We have been presented with an opportunity for collaboration that may be of interest to graduate students.
UAlberta in partnership with Healthy Campus Alberta (HCA), is beginning the process of planning a spring mental health event to support community dialogue that helps guide next steps in supporting mentally healthy campuses. It will also contribute foundational information to the HCA Wellness Summit conversation on the topic of Transitions taking place June 14 &15 at UCalgary.
The Health & Wellness Team at the University of Alberta and HCA, would like a graduate student representative from the Edmonton or northern areas to join our Advisory Panel. The panel will provide direction and guidance for the event throughout the planning process. This will include sharing experiences, ideas, and connections. 
The intended goal is to provide an opportunity for community generated conversation that captures the experiences of northern Alberta. Through interactive workshops, the event will build into HCA’s Wellness Summit. Working together, they hope to advance awareness of mental health, mental illness, and systemic factors that are currently impacting post-secondary. Through campus and community collaboration, they endeavor to support a mentally healthy post-secondary sector!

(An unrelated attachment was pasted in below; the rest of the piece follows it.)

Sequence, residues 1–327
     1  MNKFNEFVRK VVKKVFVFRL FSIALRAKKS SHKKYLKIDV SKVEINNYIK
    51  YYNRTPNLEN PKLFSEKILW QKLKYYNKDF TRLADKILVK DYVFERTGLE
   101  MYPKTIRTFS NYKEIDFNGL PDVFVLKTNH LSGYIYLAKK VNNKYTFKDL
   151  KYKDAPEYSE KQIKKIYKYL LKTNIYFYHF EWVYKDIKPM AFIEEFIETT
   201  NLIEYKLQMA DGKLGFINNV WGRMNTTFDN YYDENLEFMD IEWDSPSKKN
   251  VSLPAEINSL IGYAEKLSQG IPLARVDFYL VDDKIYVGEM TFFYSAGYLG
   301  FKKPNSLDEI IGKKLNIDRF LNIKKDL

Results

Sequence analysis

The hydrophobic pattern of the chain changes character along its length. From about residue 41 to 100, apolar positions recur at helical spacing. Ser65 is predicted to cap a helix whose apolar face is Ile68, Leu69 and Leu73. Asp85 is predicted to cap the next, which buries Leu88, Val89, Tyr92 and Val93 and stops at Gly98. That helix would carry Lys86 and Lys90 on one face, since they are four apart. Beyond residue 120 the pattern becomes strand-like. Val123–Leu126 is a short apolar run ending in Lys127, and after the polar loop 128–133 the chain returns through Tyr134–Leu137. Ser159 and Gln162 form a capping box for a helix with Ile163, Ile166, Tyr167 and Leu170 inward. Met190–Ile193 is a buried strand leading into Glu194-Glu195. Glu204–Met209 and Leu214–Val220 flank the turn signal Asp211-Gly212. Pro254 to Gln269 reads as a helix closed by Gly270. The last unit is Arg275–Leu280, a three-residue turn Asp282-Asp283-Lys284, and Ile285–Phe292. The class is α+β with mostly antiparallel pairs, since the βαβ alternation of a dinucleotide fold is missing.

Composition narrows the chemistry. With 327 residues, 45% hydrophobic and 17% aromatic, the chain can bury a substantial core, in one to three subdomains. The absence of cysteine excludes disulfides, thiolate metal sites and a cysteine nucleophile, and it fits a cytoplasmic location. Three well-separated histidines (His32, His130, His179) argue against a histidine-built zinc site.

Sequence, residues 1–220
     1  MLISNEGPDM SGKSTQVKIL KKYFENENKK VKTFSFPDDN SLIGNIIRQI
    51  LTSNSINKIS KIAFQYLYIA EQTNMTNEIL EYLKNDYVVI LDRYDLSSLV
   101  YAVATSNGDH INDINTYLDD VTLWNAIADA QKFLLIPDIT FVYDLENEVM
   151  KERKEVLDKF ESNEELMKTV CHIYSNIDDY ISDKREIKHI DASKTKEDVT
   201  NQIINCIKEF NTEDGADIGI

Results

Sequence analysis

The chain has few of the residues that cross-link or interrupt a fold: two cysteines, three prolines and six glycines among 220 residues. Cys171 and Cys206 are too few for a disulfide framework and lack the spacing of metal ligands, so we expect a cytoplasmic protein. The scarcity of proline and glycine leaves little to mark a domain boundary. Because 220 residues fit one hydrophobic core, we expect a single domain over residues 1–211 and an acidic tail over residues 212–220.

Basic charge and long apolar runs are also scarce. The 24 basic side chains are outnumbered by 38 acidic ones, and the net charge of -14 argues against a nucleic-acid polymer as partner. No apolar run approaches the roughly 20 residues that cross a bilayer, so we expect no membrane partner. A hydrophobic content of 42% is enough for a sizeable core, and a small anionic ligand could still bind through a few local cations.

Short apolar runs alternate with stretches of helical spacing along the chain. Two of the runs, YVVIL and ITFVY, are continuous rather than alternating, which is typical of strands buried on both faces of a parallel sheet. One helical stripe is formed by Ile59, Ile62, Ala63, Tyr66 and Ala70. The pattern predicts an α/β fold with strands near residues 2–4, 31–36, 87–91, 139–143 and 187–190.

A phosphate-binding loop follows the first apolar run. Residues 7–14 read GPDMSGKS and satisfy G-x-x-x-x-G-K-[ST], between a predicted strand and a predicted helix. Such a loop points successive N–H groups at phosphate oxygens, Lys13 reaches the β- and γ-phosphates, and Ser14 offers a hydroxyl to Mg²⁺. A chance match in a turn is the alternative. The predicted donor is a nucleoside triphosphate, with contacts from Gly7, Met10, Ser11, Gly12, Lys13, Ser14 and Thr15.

The commitment would last until June 2018 with team meetings held approximately once a month. I have asked the Advisory Committee lead to confirm:
-The monthly commitment ( 2 hours, half a day, full day/month) for the student representative on the Advisory Panel?
-Whether there will be expectations for work between meetings?
If you are interested in joining the Advisory Team, please let Nicole Van Kuppeveld, ED Ab-GPAC at know ASAP.
Also mark your calendars for June 14/15 HCA Wellness Summit which will be held at UofC!

Sharing Impacts of Mental Health Grant Funding

Sharing Impacts of Mental Health Grant Funding

The mental health grant announced by Advanced Education is going to allow campuses to expand the services they offer, better support their students, and develop a mentally health space for students to learn in.

During the months of November and December, the ab-GPAC ED and a director were invited to attend in-person consultations with the Post-secondary Mental Health Measurement and Evaluation Working Group to discuss the best way to successfully and holistically assess how the funding for Mental Health (MH) allocated to 22 Post Secondary Institution (PSI) campuses in Alberta are being used. The sessions brought together student leaders from ab-GPAC and CAUS, psychologists working at post secondary institutions, policy advisors, academics, researchers, and other mental health professionals.